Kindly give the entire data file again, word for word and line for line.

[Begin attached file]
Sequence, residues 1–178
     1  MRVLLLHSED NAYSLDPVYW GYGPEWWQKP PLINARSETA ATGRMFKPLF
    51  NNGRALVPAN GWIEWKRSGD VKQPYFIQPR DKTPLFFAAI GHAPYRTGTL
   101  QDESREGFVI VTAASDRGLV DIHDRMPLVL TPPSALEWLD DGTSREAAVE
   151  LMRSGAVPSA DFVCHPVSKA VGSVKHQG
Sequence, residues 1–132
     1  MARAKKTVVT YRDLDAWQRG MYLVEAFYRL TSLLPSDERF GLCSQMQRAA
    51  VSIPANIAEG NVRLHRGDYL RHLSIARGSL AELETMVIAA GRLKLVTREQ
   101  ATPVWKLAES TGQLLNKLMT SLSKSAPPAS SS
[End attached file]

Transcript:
Sequence, residues 1–178
     1  MRVLLLHSED NAYSLDPVYW GYGPEWWQKP PLINARSETA ATGRMFKPLF
    51  NNGRALVPAN GWIEWKRSGD VKQPYFIQPR DKTPLFFAAI GHAPYRTGTL
   101  QDESREGFVI VTAASDRGLV DIHDRMPLVL TPPSALEWLD DGTSREAAVE
   151  LMRSGAVPSA DFVCHPVSKA VGSVKHQG
Sequence, residues 1–132
     1  MARAKKTVVT YRDLDAWQRG MYLVEAFYRL TSLLPSDERF GLCSQMQRAA
    51  VSIPANIAEG NVRLHRGDYL RHLSIARGSL AELETMVIAA GRLKLVTREQ
   101  ATPVWKLAES TGQLLNKLMT SLSKSAPPAS SS